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As if the pain of losing your home weren't enough, a foreclosure does significant harm to your credit and remains on your credit report for seven years. Here's the lowdown on how foreclosure affects your credit, and how to rebuild your credit in its wake.
What Is a Foreclosure?
A foreclosure can occur if you fail to keep up with your mortgage payments and the lender exercises their right to seize your house (or other mortgaged real estate) to recover what you owe them. A foreclosure typically occurs only after you miss at least four successive monthly payments (120 days of delinquency).
Foreclosure typically begins with a court filing by the lender, and it can end with your forced removal from the premises. The amount of time between a court filing and finalization of a foreclosure varies according to local law and the type of foreclosure proceeding that applies.
How Long Does a Foreclosure Stay on Your Credit Report?
A foreclosure entry remains on your credit report for seven years from the date of the first missed payment that led to the foreclosure. After that, it is deleted from your report.
Foreclosures, like other negative credit report entries, have adverse impacts on credit scores as long as they remain on your credit reports. A foreclosure hurts your scores most in the first months and years after it appears on your credit reports, and its effect on your scores diminishes over time.
How Do Lenders See a Foreclosure?
Lenders view a foreclosure as a serious negative event in your credit history, second in severity only to bankruptcy. Some mortgage lenders may refuse to work with you as long as a foreclosure appears on your credit reports. Every lender sets its own lending standards, however, so other lenders may be willing to consider your mortgage application just a few years after a foreclosure is reported, if you meet the rest of their lending criteria.
Can You Remove a Foreclosure?
If it's accurate, a foreclosure entry cannot be removed from your credit report before its expiration date. If a foreclosure entry remains on your credit report past that time, or if your credit report somehow lists a foreclosure that never happened, you have the right to use the credit report dispute process to document the error and have your credit reports corrected.
How to Improve Your Credit After a Foreclosure
Foreclosure has negative consequences for credit scores, and they're often most severe for individuals who had high scores to begin with. Rebuilding your credit is possible, but it can take time and discipline. Here are some proven techniques:
Embrace Good Credit Habits
Practicing good financial habits is the key to building credit—and rebuilding it after a foreclosure.
- Pay your bills on time. Payment history is the single biggest factor in determining credit scores. Making debt payments on time adds new, positive information to your credit reports, which helps build up your scores.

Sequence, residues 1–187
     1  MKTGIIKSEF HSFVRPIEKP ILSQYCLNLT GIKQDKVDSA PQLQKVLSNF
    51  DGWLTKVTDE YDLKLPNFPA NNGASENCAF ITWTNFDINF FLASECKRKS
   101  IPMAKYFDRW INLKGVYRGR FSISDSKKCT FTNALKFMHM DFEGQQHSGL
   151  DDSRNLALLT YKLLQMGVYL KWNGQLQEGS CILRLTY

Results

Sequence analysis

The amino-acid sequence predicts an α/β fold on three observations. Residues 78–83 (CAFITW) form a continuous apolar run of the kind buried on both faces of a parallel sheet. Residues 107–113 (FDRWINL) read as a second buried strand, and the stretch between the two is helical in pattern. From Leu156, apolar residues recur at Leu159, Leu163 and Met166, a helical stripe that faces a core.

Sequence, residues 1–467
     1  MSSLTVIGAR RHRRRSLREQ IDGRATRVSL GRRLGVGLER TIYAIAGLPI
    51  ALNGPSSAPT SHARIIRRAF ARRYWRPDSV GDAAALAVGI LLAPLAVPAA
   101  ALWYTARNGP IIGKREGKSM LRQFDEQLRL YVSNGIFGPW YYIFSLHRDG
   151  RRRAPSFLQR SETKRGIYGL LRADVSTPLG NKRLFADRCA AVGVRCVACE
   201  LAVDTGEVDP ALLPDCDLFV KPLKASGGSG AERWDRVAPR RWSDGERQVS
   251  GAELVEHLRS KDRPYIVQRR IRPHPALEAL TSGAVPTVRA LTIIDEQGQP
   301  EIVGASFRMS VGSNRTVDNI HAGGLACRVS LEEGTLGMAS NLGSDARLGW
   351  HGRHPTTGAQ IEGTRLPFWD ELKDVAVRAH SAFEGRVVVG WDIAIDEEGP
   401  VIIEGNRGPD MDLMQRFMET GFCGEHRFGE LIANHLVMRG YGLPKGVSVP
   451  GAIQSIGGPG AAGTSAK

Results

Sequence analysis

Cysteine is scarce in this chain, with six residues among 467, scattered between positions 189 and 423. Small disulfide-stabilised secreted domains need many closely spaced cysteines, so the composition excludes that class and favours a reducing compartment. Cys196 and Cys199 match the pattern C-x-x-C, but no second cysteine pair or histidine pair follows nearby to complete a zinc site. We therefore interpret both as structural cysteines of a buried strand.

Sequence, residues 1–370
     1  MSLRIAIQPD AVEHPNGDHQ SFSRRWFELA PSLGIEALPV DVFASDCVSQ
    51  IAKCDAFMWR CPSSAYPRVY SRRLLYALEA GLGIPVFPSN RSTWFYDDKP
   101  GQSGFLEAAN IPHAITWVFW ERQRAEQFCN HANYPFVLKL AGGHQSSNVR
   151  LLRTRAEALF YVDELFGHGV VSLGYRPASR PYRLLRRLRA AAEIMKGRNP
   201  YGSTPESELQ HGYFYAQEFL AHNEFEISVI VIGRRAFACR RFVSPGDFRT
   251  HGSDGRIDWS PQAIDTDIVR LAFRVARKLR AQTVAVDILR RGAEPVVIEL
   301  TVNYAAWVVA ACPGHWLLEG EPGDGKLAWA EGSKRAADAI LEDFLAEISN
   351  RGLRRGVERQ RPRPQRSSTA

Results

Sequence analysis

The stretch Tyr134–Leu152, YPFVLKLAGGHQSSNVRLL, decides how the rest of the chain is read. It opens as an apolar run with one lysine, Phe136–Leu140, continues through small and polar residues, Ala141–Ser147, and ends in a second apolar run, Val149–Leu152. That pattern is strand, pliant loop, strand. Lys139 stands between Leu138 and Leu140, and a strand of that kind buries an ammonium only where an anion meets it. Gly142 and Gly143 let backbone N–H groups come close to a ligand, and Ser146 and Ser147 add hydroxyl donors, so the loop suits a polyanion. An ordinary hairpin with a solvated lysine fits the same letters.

- Minimize credit card balances. Using credit cards and making timely payments on them each month can help build credit. Contrary to popular myth, however, there's no benefit to carrying card balances month to month. In fact, paying off card balances in full every month helps build credit by reining in your credit utilization rate—and it saves you interest charges, to boot.
- Save for emergencies. If you lack a sufficient emergency fund, any unexpected expense can cause financial chaos, tempting you to take on new debt or skip bill payments. Experts recommend setting aside enough to cover at least six months' worth of regular expenses, but if that's too daunting, start with smaller goals—put aside enough for a few weeks' groceries, then a month's rent and build from there. A great way to do this is to set up automatic savings deposits from each paycheck. That way the money is stashed before you see it, and you reduce the risk of spending it.
- Be patient. There aren't any quick fixes for credit damaged by foreclosure. Credit repair companies that promise to rebuild your credit fast can't do anything for you that you can't do for yourself. Their methods don't always work and often leave customers in deeper debt than they started with. The most effective way to improve your credit is to work on it yourself and rebuild your scores steadily over time.
Track Your Credit
Keeping an eye on your credit information can be helpful in moving on after foreclosure. Doing so lets you know where you stand in the immediate aftermath, shows you when your credit begins to rebound and reinforces your good habits as your recovery gains momentum.
Automated credit monitoring can notify you of changes to your credit reports and scores, document score improvement and alert you to unauthorized use of your credit, which can be a sign of fraud or identity theft.
The Bottom Line
Foreclosure is a difficult ordeal with significant negative consequences for your credit, but with time and persistence, you can move beyond it. Eventually, you can get your credit in good shape for another mortgage application. It's always wise to check your credit score for free from Experian before you apply for any loan, so you'll know where you stand with the lender.